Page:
05 Jun Divorce vs. Legal Separation: What’s the Difference in Florida?
When a married couple decides they no longer wish to be a unified team and continue to live together as man and wife in the state of Florida, they have a few alternatives. The couple can decide to simply live separate and independent lives, or they can go through the formal process of marriage dissolution, commonly known as divorce. In order to make the best decision for the people involved, each person involved needs to have some basic information about each option.
Florida is a “No-Fault State”
Divorce in the state of Florida can be granted on a “no-fault” basis, meaning the couple can simply tell the court that the marriage is “irretrievably broken” or that one of the partners has been mentally incapacitated for at least three years before the petition has been filed.
Filing for Divorce
Parties wishing to end their marriage must formally file the request with the Florida court system. At least one of the parties needs to have lived in the state for at least 180 days before the petition was filed.
Once one of the parties files for divorce, the other party has 20 days in which to answer the petition if there are objections to it. If this step is not taken, the paperwork will go through, and a court date will be set.
Florida’s Simplified Dissolution Process (Simplified Divorce)
Florida allows for a simplified dissolution of marriage process under certain circumstances. A divorcing couple who meets the following conditions can ask for this option:
– Both parties believe the marriage cannot be saved
– There are no dependent children who are still minors
– The wife is not currently pregnant
– Each person has agreed on the division of property
– Neither spouse is seeking alimony
– Both parties agree to give up the right to a trial and appeal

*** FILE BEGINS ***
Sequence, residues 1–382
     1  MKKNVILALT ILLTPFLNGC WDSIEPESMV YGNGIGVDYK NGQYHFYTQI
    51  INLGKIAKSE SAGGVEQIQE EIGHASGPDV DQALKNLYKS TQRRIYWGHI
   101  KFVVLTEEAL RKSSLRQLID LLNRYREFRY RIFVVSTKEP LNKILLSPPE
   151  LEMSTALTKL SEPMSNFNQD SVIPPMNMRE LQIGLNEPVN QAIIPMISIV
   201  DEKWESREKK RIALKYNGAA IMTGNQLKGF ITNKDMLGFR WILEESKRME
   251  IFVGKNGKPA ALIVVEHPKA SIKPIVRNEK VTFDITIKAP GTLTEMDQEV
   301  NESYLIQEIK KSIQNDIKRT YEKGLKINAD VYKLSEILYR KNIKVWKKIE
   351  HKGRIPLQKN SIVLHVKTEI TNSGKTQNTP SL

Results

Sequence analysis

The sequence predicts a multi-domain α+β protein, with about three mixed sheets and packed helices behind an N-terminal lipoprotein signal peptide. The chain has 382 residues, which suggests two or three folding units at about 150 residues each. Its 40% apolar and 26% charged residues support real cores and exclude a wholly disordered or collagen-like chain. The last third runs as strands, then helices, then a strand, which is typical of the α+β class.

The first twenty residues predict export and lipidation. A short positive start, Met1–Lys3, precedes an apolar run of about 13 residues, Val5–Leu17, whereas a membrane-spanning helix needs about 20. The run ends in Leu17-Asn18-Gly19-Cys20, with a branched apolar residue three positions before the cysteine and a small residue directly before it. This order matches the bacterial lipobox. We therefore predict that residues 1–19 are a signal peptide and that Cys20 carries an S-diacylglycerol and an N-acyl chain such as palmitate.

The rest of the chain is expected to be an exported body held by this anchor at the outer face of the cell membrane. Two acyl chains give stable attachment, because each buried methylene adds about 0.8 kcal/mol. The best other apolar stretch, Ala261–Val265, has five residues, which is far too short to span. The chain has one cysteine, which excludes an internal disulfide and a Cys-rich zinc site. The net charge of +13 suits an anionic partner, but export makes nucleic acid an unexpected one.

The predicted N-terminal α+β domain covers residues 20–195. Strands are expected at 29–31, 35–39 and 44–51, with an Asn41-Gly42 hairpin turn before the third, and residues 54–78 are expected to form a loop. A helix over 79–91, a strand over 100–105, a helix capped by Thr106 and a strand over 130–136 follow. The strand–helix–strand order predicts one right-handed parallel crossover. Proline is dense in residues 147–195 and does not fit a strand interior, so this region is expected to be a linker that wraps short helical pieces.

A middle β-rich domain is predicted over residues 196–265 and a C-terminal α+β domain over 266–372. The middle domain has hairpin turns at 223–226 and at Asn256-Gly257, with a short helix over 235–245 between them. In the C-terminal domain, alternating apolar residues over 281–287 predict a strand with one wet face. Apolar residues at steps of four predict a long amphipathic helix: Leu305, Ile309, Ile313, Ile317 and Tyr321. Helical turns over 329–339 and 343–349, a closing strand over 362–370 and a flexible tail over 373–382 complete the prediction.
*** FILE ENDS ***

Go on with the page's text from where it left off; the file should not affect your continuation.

– Both parties are willing to go to the courthouse to sign the appropriate papers
– Both parties are willing to attend the final hearing
If both parties meet all of these qualifications, the judge will sign the appropriate petition to end the marriage.
Often a couple who no longer wish to live together but do not want to get divorced can decide to live apart and run separate and independent households.
What constitutes a legal separation in Florida?
The state of Florida does not officially recognize legal separation. However, there are factors that the courts will take into account to define a separation. These include:
- The existence of minor children who live with one parent and not the other
- No shared financial accounts and separate household expenses and responsibilities
Why would a couple separate rather than divorce?
Divorce is always a difficult situation that can affect many people. The decision to sever a relationship is too emotionally challenging to make hastily, so often couples opt for a separation to make the transition easier and less painful. Others choose separation in order to keep the door open in case one of the parties has a change of mind. There are also various cultures and religious groups that still disallow divorce. People who follow those ideologies might also opt for a separation rather than a divorce in an effort to remain faithful to their beliefs.
Legal rights of separated couples
Even though Florida does not recognize legal separation, if a couple decides to separate, they are entitled to certain legal rights. The custodial parent has the right to receive child support payments, and alimony can be awarded in some situations.
The state of Florida allows for a limited divorce, which is similar to legal separation. A limited divorce can be requested when there are grounds of cruelty, desertion, or voluntary separation. In cases such as these, any children tend to remain at the family home with the custodial parent. The judge assigned to the case will rule on matters including visitation rights and child support payments.
The couple who is parting must enter a legally binding agreement and follow the terms that are set in it. This agreement can be considered a legal separation in states that recognize it. The main difference between a separation agreement and a legal separation is that the court system does not need to approve the agreement and will not get involved in a dispute between the couple who has entered a separation agreement.
When a couple separates they must enter a post-nuptial agreement. This agreement spells out the terms and conditions of the separation. It includes issues such as distribution of assets, debts, alimony, and any other matters pertinent to the separation.
Whether a couple decides to live separately or completely dissolve the marriage, having the proper knowledge is the key to making the best decision.